Got Will? (No? Get Busy)

Surprisingly (to me), I got a lot of fear reactions when I told some friends and clients I made a will in Arizona a few years ago.

Hand-written wills can be legal if witnessed and notarized, but ask your attorney, it varies from state to state.

Hand-written wills can be legal if witnessed and notarized, but ask your attorney, it varies from state to state.

“Are you dying?” is the question I got most often.
“Yes. We all are. Every day we get one day closer,” I’d say. What really surprised me is the reaction to that statement.
“Don’t say that. I’m fine.”
Well, sure you are, but everyday we are one day closer to the day we won’t be on this planet anymore.

Two friends, both of whom would raise their hands if asked for a roll-call of control freaks, have no wills. That surprised me. Wills give you control over what happens to much more than your stuff.

2. How are you planning your death? You know you are going to die sometime, right? If you hate surprises, don’t be caught by the ultimate surprise.  A will is a legal document that spells out what happens after you are dead. But you want to think about some things while you are still very alive. Here’s a few things to think about:

  • If you have children under the age of 18, who will take care of them?
  • If you have adult children living with you because they can’t make it on their own right now, who will take care of them?
  • If you have a lot of credit card debt, or general debt, or a big (or upside down) mortgage, what are the banks allowed to take when you die? Who is responsible for your debt? The one thing you can be sure of is that the banks don’t forgive your debt when you die. Your executor may be burdened with all your debt. Good enough reason to have a will.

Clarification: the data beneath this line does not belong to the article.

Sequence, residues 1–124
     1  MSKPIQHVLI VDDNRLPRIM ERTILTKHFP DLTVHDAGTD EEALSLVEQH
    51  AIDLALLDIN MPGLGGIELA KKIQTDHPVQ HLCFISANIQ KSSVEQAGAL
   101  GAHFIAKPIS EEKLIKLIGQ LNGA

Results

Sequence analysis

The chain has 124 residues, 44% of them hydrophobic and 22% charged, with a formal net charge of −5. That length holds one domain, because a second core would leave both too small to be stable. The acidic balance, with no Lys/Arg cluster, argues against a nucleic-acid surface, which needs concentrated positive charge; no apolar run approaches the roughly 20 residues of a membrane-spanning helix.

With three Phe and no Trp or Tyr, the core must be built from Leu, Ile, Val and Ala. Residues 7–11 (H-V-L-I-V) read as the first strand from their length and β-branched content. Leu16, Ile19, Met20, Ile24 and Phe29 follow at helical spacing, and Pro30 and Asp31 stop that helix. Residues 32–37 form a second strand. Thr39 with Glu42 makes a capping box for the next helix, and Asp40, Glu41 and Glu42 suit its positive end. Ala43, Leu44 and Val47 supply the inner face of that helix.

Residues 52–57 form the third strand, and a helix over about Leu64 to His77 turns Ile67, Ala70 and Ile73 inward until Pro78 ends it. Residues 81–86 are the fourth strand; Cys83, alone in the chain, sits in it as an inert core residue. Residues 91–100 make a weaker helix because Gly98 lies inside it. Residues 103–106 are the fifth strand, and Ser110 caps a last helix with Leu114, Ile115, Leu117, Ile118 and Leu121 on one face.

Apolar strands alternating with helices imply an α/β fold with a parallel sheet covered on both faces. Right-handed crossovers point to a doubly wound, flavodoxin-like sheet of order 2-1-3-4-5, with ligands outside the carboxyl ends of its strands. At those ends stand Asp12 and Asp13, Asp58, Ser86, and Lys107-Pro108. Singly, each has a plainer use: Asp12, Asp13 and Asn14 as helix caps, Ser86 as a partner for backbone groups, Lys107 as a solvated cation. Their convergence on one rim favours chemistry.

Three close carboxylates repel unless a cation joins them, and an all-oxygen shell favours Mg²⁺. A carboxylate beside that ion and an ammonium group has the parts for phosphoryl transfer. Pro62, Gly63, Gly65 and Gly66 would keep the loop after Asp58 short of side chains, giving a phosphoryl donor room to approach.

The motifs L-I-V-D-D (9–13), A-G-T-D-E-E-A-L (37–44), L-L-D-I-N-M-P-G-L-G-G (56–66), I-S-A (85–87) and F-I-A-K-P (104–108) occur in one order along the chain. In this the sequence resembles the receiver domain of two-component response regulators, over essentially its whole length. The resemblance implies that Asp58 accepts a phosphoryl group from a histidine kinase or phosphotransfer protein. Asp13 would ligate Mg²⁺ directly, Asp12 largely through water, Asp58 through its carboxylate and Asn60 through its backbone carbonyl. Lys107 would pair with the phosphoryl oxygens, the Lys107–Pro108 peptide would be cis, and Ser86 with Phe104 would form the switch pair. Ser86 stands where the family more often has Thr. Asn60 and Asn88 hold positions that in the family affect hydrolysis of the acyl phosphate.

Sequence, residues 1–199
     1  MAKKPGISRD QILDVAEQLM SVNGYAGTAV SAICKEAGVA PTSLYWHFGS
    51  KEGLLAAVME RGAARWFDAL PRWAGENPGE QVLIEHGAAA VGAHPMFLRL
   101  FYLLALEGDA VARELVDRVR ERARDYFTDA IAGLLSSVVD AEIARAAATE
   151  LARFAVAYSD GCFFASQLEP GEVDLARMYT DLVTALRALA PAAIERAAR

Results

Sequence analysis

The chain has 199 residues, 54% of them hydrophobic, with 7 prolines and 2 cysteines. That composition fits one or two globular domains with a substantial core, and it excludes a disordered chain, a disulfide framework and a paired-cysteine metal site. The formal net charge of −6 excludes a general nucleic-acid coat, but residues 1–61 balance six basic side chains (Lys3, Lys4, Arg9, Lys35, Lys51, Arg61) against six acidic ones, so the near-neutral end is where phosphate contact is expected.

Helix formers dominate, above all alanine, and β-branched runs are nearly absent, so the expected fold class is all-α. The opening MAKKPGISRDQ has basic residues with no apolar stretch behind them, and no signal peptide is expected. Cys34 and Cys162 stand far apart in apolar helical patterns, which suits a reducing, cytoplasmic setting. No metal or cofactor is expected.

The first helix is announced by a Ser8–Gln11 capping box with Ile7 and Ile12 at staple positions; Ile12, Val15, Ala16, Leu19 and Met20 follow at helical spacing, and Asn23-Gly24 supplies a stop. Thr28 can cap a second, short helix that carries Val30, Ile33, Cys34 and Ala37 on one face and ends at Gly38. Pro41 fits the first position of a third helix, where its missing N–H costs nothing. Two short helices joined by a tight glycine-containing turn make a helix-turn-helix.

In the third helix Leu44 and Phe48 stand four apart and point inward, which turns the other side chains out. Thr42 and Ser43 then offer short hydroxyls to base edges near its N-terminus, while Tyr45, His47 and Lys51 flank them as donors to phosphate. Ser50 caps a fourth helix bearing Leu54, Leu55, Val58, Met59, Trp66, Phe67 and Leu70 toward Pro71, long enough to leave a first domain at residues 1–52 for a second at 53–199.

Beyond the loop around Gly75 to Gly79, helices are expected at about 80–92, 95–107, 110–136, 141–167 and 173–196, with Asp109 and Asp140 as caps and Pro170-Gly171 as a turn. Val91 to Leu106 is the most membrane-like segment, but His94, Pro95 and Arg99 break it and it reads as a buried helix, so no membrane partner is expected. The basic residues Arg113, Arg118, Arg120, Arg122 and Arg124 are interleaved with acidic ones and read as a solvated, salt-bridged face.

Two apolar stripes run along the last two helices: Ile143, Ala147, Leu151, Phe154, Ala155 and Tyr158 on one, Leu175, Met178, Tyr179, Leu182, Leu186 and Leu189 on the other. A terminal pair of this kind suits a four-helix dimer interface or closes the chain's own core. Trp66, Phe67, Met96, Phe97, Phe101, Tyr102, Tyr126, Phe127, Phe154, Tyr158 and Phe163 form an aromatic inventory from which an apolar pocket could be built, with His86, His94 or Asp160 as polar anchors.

Barbara Sue asked to have a parking meter on her gravestone. Her children made sure she got it. Yep, it says, "Expired."

Barbara Sue asked to have a parking meter on her gravestone. Her children made sure she got it. Yep, it says, “Expired.”

For people who own their own business, there are other questions that need to be thought about:

  • Who will tell your clients? This is particularly important is you are a sole proprietor, a coach, a consultant, or a therapist. You’ll need to make a client list with email and phone contact information, and keep it updated.
  • If you have clients, will you recommend someone to take your place?
  • If this list is on your computer, and there’s a password, you’ll have to include that information. In fact, there may be a lot of passwords you’ll need to classify and keep track of.
  • If you are an artist, writer, or do other creative work, what should happen to your unsold collection of work? Don’t assume you can donate it to state archives, libraries or museums. Many of them simply don’t want material that doesn’t have a high resale value.
  • Avoid fights after your death. If you have jewelry or heirlooms, write a list of who gets each item, and leave it with your will. You can change it as often as you like. Date and sign it with each update. Ask your attorney what sort of problems come up if you do this. I don’t own much high-value items, so it works fine for me. Your results may vary.

With social media the way to communicate, do you want your Facebook, Linked In and Twitter accounts closed when you die? It’s probably not a good idea to keep them open, because they become spam targets when not used regularly.